STEVE REECE: The power of touch

Touch is a critical sense when it comes to toys, so how can you incorporate more sensory stimulation into your product output?
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It sure takes a great deal of work to conceive, develop and manufacture new toys nowadays.

Between all the QA input, engineering, costing and manufacturing challenges it’s often easy to lose track of the critical point – to create toys that sell in huge quantities.

One of the critical features of top selling toys is the level of tactile appeal they have. Touch is a critical sense when it comes to toys. Kids love to play with functionally robust products, but often we spend so long on ensuring the product is safe/fully working that we miss the simple little things that can really add huge value from a child’s perspective.

Most people reading this will have found (at some point) that clicking a retractable pen is strangely fulfilling and addictive. Why I can’t explain, other than it feels and sounds good. It’s this kind of compelling phenomena that many new toys could feature at little or no extra cost or complication, if only we could see the wood (that which makes it fun and compelling) for the trees (all the crap, er sorry, process we have to go through to get the product to market).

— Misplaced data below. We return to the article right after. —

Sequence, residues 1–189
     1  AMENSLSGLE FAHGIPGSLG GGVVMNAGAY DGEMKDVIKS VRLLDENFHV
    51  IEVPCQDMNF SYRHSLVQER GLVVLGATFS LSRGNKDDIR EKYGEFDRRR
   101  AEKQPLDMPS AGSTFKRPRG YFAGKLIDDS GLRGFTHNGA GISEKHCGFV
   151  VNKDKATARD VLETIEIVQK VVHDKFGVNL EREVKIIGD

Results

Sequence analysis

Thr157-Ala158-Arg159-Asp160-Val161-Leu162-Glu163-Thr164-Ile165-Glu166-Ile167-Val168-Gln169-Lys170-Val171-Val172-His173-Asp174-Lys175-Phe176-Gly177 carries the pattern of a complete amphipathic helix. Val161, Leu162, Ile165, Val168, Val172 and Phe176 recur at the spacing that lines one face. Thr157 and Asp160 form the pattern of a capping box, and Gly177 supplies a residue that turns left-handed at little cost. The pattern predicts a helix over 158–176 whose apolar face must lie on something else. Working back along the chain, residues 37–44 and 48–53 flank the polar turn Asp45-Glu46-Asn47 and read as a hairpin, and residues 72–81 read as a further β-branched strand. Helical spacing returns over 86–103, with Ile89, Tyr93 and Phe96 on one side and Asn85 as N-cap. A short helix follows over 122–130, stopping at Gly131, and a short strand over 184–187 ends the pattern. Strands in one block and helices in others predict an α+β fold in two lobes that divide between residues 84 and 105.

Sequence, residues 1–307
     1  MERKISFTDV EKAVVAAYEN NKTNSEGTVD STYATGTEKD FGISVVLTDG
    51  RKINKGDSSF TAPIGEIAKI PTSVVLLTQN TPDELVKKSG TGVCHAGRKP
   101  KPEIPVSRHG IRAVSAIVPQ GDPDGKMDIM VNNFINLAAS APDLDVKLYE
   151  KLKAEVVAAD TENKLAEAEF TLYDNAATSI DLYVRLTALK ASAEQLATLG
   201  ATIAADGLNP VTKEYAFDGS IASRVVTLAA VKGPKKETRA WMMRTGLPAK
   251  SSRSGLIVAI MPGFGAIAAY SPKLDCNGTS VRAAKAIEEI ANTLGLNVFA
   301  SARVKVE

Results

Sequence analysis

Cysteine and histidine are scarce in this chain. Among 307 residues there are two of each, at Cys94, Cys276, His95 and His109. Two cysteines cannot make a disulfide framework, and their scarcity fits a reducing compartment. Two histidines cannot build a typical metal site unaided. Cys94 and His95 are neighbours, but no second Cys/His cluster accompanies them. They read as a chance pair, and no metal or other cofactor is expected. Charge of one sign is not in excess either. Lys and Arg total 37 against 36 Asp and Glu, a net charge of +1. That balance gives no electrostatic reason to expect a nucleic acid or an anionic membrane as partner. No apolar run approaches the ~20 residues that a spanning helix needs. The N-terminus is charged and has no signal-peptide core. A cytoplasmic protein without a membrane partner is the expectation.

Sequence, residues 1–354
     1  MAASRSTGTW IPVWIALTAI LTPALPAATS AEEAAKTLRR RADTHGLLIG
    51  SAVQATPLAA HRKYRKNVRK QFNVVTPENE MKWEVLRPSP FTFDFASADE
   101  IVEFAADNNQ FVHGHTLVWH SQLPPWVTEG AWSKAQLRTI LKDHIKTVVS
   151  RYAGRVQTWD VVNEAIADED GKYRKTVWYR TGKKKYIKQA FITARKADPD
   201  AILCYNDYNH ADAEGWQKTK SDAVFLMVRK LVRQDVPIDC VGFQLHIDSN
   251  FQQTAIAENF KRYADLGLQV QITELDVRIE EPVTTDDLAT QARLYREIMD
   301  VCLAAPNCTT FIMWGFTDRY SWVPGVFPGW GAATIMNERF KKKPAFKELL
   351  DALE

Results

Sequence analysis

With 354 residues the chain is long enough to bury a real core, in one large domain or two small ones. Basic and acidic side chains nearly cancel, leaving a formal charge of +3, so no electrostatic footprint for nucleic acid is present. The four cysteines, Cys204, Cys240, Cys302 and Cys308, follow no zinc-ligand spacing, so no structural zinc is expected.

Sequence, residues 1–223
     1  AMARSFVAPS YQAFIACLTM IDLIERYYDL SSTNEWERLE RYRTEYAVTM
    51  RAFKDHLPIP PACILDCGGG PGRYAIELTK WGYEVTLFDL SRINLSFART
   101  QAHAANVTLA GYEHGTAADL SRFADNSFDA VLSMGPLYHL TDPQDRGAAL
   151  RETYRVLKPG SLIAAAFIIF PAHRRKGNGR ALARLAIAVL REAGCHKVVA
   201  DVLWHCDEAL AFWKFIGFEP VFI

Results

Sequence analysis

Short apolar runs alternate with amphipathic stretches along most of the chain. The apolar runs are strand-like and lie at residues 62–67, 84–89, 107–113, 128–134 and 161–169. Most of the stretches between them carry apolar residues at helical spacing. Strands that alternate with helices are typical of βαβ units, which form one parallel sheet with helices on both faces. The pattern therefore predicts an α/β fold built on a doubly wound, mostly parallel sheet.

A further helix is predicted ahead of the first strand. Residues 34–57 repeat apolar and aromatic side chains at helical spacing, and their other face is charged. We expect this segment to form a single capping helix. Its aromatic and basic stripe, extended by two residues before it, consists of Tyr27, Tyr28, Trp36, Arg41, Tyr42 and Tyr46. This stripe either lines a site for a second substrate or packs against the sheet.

If you had to add an addictive but simple physical, tactile feature to every product you produced, how would you do it?

What would you need to change to add it to your existing products?

How can you incorporate more sensory stimulation into your product output?

This year alone we’ve playtested dozens of toys, and found that at best half of them have a really cool feature providing this kind of sensory satisfaction. Yet if we look back to the appeal of some perennial classics which have been around for decades i.e. Rubik’s Cube or Play-Doh, we can see just how strong an impact sensually stimulating toys can have (and no, I don’t mean that kind of sensual toy).

While we as an industry are exceptionally good at creating visually stimulating products and packaging, we so often miss the opportunity with touch, sound and even smells - scratch ‘n’ sniff has come a long way.

So the question is how can you stimulate the senses more effectively with your toys to create compelling play experiences that children just can’t leave alone?

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